It’s not easy to justify to investors how you can make $20 billion in revenue and still lose money, but that’s the question Amazon CFO Tom Szkutak had to answer repeatedly when defending Amazon’s vision for growth.
Amazon’s third-quarter earnings released Thursday (Oct. 23) showed the company reported an operating loss of $544 million, despite having $20.58 billion in sales. The loss is more than 20 times that of the $25 million in last year’s third-quarter earnings and is expected to grow to $570 million next quarter.
But longtime Amazon shareholders—and the analysts who ultimately work for them—have seen lots of Amazon losses over the years. The historical difference is that those losses have generally accompanied very strong revenue spikes, massive marketshare and successful penetration into a huge number of product segments. That is what has allowed the company to plausibly argue that the losses were a result of wise investments, rather than weak management.
Thursday’s details showed a steep drop in that fabled revenue, which is what really angered investors.
“Revenue came in $260 million less than analysts’ projections, and the company said it might lose money again in the fourth quarter, which in the old days was when retailers made all their profit for the year,” said The New York Times. “Even revenue growth, Amazon’s powerhouse, is fading a bit. The company said revenue would rise between 7 percent and 18 percent in the fourth quarter. In the fourth quarter of 2013, revenue rose 20 percent from 2012.”
When questioned by an analyst about how Amazon can keep the faith of investors with continual losses, Szkutak said he’s looking at metrics over a long period of time, saying the company “has been in several years of investor mode.” He kept his comments to vague references about long-term investments, and shifted focus to areas like Amazon’s enthusiasm for its product growth in tablets and the company’s global enterprise market growth.
As for other earnings figures, Amazon operating cash flow increased 15 percent to $5.71 billion for the year, compared to $4.98 billion in 2013. Free cash flow increased to $1.08 billion during the same time this year, compared to $388 million in 2013. The favorable impact for next sales that brought the 20 percent jump came from favorable foreign exchange rates during the quarter on net sales of $13 million. Net loss for Amazon was $437 million, or $0.95 per diluted share, compared with a net loss of $41 million in the third-quarter of last year. Net sales for fourth-quarter earnings are expected to be between $27.3 billion and $30.3 billion, a growth of 7 percent and 18 percent, respectively, from third quarter.
Szkutak also focused on his excitement for Amazon’s growth with its same-day-delivery sorting centers, which are expected to top 15 location by the end of the year. He didn’t offer financials about its impact on sales or revenue. Amazon also is building the brick-and-mortar side of its business with Amazon Fresh, which launched recently in New York City, but no projection was provided for cities to expand the service to beyond Brooklyn. Amazon eventually hopes to have same-day-delivery options on a global scale. Amazon also launched Pay with Amazon in India last quarter, but figures of its success or plans for expansion were not made known.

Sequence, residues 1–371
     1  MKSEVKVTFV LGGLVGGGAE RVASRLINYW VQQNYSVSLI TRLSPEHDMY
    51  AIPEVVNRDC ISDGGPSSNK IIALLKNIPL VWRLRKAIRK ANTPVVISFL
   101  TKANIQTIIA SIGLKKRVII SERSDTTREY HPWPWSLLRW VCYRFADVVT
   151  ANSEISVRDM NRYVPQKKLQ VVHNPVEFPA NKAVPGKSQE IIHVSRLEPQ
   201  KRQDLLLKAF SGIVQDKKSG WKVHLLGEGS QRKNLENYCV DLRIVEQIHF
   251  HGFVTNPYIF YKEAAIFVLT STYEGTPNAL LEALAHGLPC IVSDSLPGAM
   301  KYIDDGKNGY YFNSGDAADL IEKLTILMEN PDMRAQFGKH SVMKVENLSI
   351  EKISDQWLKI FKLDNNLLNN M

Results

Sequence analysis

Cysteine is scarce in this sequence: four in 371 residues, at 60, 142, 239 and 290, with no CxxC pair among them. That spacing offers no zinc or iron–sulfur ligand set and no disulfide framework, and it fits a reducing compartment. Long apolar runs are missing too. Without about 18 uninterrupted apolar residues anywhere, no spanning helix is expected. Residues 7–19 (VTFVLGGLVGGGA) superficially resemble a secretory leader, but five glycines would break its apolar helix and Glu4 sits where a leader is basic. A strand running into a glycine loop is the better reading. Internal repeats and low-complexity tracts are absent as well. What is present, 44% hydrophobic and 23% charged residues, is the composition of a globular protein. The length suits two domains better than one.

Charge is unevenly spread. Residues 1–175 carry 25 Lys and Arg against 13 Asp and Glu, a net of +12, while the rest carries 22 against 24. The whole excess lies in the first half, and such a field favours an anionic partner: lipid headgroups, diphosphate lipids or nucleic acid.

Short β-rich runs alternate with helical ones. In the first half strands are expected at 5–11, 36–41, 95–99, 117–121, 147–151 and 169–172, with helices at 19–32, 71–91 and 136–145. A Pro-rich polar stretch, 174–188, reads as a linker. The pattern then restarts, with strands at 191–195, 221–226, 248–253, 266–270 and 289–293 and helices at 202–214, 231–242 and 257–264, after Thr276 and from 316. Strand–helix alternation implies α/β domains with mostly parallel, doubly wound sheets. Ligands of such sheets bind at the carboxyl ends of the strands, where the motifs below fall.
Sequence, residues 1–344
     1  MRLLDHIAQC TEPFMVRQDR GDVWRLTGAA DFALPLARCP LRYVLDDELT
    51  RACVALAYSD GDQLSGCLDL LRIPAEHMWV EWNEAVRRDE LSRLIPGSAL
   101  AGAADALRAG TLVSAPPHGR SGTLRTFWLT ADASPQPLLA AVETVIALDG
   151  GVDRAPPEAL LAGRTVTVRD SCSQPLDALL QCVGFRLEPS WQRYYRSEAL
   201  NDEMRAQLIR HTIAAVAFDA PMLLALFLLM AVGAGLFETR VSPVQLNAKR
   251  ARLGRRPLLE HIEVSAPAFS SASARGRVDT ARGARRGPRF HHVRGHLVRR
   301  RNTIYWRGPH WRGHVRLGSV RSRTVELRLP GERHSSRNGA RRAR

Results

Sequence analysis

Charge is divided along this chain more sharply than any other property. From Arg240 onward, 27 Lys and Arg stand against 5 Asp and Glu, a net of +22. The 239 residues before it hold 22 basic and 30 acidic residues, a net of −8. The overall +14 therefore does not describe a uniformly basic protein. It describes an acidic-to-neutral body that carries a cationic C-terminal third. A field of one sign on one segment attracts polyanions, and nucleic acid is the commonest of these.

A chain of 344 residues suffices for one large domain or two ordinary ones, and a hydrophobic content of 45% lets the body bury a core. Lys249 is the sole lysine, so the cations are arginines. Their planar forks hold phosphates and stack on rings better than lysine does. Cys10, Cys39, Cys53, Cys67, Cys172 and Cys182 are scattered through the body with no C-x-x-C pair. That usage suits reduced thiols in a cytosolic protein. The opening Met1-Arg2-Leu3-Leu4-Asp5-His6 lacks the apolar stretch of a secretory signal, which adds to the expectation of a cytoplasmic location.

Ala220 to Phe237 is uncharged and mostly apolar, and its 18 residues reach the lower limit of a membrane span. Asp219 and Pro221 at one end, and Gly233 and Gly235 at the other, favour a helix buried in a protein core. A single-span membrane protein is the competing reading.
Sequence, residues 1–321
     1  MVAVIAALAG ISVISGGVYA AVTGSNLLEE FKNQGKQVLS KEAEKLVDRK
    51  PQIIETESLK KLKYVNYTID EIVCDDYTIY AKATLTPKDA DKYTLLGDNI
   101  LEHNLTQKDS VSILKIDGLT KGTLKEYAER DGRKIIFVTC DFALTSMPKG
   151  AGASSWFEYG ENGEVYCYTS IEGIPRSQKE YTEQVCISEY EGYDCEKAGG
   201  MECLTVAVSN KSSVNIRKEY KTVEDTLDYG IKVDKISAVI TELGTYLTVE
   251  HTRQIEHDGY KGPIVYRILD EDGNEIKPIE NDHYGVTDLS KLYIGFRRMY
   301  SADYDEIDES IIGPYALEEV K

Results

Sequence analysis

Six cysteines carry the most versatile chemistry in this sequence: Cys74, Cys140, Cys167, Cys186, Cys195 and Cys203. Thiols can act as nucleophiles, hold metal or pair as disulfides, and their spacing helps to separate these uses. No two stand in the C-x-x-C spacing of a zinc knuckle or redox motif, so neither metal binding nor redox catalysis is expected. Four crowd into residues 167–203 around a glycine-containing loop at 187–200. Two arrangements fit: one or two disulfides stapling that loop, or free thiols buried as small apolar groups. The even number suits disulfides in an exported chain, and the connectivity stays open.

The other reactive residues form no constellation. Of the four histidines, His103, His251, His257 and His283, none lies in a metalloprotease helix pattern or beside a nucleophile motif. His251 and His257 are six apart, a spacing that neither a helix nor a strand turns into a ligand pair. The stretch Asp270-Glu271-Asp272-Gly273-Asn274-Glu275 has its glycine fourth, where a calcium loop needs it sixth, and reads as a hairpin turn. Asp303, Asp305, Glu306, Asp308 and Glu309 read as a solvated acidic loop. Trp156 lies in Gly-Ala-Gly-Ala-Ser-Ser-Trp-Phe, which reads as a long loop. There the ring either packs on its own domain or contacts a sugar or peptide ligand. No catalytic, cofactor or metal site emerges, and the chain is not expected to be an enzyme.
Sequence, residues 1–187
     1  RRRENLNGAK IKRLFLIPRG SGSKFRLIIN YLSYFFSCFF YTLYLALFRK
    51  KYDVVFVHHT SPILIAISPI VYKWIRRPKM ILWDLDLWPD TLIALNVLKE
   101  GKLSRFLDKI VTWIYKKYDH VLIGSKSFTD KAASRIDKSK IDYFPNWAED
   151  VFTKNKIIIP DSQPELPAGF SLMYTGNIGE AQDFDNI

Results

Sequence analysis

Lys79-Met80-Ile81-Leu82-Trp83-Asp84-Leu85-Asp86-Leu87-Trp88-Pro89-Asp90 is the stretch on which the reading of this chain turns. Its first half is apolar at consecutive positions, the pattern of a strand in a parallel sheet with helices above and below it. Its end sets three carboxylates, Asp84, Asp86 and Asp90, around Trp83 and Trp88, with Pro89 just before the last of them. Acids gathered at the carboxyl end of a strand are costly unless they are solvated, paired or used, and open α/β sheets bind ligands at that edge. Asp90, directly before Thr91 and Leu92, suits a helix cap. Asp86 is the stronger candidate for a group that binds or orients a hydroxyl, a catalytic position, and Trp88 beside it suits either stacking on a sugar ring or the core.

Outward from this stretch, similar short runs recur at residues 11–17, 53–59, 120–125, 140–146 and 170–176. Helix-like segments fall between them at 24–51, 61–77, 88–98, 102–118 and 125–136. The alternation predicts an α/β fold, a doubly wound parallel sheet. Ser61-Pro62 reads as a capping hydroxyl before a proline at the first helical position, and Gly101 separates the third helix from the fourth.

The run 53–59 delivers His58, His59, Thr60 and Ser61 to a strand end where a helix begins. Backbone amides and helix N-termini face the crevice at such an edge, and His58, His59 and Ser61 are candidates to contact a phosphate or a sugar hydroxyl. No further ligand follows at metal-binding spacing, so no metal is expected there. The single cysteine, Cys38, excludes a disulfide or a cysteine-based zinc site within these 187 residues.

Szkutak was questioned about Amazon’s Fire Phone investment that hasn’t taken off, an investment that cost the company about $170 million to stock and get sold. He would only reveal that Amazon has $83 million in inventory of the phone. He avoided giving specifics on product investment and instead focused on general statements like saying we “have to be selective in what opportunities we pursue.” One of those includes Amazon’s launch of its Local Register, a mobile app and secure credit card reader, that enables individuals and small businesses to accept credit and debit cards from a smartphone or tablet. (See Karen Webster’s commentary on the Fire Phone’s introduction.)
The Times story stressed how absolutely horrible the Fire Phone’s rollout was.
“The third quarter was marred by the disastrous reception of the Fire phone, Amazon’s long-awaited and much promoted entry into the smartphone market. A marketing survey of 500 Amazon customers could not find any who reported owning a Fire. A great many of the reviews on Amazon’s own site give the Fire the lowest possible rating,” the story reported. “A $200 price cut last month briefly pushed the phone up on Amazon’s list of top-selling electronic products, but it quickly fell off again. Thousands of employees spent years developing the phone. It is a rare case of Amazon completely misjudging the appeal of a new product. Mr. Szkutak said Amazon had $83 million worth of inventory of the phone at the end of the quarter. That should last until the sun goes dim.”
That sun part? Impressive bit of snark for a Times news story. And it followed a lede that read: “The chickens are not coming home to roost at Amazon just yet, but they are checking the flight schedule to Seattle.” When the New York Times feels comfortable making fun of you to that degree in a news story, that’s not a happy time in Amazon-ville.